Some Democrats Balk At Second Term For Bernanke
Monday, January 25, 2010
Federal Reserve Chairman Ben Bernanke's second term at the helm of the central bank expires on Sunday. The Senate is expected to vote late this week on his confirmation, but the timing is proving problematic for President Obama.
While Obama has endorsed his staying on, some Senate Democrats are balking. For many Democrats, it's not easy to embrace the man that former President Bush appointed to head the Federal Reserve. Late last week, more and more of them declared they would not vote for another term for Bernanke — and Senate Democratic leaders were pressed by an increasingly worried White House to back him.
But Majority Leader Harry Reid (D-NV) has come out with a written statement of support. And Sen. Richard Durbin (D-IL), the Senate's No. 2 Democrat, made a less-than-ringing endorsement of Bernanke Sunday on CBS' Face the Nation.
"I have some misgivings about Fed policy and economic policy," Durbin said. "But I really do have to say, this man guided us through the worst economic crisis this nation has seen since the Great Depression, and we are in much better shape today because of his guidance and leadership. I still have unanswered questions, and many colleagues do."
That apparent ambivalence toward Bernanke does not surprise Jack Pitney, a political scientist at Claremont McKenna College. He says that Obama put Senate Democrats in a tricky position, asking them to reconfirm a man seen as a strong ally of Wall Street even as the president is distancing himself from Wall Street.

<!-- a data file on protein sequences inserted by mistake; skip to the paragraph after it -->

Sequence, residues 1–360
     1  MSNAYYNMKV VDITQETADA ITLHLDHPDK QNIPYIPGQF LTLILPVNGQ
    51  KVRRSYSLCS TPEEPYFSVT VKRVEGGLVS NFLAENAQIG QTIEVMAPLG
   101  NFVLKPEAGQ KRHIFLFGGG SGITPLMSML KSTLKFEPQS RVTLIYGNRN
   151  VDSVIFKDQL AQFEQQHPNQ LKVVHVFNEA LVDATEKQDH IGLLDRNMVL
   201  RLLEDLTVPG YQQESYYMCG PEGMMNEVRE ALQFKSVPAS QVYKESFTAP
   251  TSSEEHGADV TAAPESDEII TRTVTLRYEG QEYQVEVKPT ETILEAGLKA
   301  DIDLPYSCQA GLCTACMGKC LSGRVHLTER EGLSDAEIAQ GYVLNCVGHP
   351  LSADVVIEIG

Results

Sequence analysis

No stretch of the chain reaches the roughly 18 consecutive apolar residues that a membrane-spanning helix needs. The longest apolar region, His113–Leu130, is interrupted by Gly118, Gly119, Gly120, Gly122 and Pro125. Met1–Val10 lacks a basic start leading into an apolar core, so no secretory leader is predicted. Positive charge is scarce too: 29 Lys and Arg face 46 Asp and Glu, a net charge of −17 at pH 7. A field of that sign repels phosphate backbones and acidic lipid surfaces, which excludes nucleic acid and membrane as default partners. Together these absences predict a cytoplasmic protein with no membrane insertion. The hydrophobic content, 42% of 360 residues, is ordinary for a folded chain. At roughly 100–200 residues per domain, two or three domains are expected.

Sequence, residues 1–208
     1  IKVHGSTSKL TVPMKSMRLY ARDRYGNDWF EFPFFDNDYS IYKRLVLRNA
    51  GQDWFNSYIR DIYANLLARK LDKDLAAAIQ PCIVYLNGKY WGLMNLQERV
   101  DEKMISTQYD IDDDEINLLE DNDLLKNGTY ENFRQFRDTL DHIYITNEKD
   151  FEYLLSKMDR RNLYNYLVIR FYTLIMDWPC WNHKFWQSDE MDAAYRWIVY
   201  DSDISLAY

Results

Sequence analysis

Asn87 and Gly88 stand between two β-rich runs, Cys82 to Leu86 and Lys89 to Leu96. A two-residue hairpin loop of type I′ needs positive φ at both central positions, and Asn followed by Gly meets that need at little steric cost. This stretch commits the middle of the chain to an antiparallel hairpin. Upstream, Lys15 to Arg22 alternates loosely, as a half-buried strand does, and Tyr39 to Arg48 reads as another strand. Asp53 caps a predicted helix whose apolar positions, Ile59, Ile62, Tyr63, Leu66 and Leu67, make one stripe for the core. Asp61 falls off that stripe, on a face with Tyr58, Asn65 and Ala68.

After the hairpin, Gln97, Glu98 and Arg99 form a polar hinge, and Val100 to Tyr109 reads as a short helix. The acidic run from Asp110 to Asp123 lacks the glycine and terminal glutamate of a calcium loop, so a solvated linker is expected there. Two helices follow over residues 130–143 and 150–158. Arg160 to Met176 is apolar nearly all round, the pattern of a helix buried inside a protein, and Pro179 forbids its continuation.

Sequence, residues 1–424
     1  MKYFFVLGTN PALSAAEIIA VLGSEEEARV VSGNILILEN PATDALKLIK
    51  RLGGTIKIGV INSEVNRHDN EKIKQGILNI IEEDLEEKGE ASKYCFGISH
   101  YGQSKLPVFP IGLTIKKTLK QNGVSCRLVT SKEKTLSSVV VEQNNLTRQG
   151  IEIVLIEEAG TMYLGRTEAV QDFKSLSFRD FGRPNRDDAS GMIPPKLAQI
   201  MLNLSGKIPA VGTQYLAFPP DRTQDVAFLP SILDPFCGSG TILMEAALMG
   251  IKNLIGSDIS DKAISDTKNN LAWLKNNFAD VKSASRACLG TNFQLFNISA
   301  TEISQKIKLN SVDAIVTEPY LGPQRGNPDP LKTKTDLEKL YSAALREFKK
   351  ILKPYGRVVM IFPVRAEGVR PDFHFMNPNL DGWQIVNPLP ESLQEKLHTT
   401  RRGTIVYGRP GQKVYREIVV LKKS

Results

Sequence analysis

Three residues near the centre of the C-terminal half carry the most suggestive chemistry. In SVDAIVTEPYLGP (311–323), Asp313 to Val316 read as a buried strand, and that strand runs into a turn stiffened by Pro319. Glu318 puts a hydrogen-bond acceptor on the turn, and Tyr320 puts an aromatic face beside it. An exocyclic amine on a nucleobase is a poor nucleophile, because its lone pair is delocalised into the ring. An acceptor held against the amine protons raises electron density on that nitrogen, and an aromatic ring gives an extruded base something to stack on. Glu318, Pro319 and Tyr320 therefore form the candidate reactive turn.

"The president is simultaneously trying to appease Wall Street and demonize Wall Street. Politically, that's a very difficult trick to pull off," Pitney says. "And a lot of Democrats on Capitol Hill are caught in the crossfire."
At least four Senate Democrats say they'll oppose Bernanke. One of them, Oregon's Jeffrey Merkley, denounced the Fed chairman on the Senate floor. "He has been at the table of economic policymaking in this country for eight years, when mistake after mistake after mistake has been made," Merkley said. "That is how the house was set on fire. And now that it's burned to the ground, we don't need a fireman to rebuild the house; we need a carpenter."
And Sen. Byron Dorgan (D-ND) said Bernanke rebuffed him and eight other senators when they wrote the Fed chairman last summer. They had demanded to know which investment banks borrowed money, how much, and on what terms after the Fed opened a brand new loan window for those banks:
"And he wrote back to us and says, 'I don't intend to tell you that, don't intend to tell the Congress and don't intend to tell the American people.' Despite the fact that he said transparency is a big issue for him," Dorgan said. "Well, apparently not on this issue."
Several senators have holds on Bernanke's renomination, meaning at least 60 votes are needed to bring it up — but not all 60 in the Democratic caucus can be counted on. So some Republican votes will be required.
But Claremont McKenna's Pitney says Republicans can't be counted on, either.
"In a sense, it's a free vote for Republicans," Pitney says. "Bernanke was a Bush appointee, but Republicans don't have a whole lot of residual loyalty to President Bush."
Sen. John McCain (R-AZ) issued a statement Monday saying he will vote against reconfirming Bernanke.
"I'm very skeptical about his nomination," McCain said on Face the Nation. "I'm worried that if his nomination is turned down, the effect that it might have. But the fact is that Chairman Bernanke was in charge when we hit the iceberg and his policies were partially responsible for the meltdown that we experienced. I think that he should be held accountable."
As for Bernanke's support among other Senate Republicans, Florida's George LeMieux says, "I don't want to speak out of school, but I think it's mixed. I think there are some that support him and some that don't, and I think it'll ultimately be a close vote."
LeMieux has yet to say how he'll vote when the Senate takes up the nomination.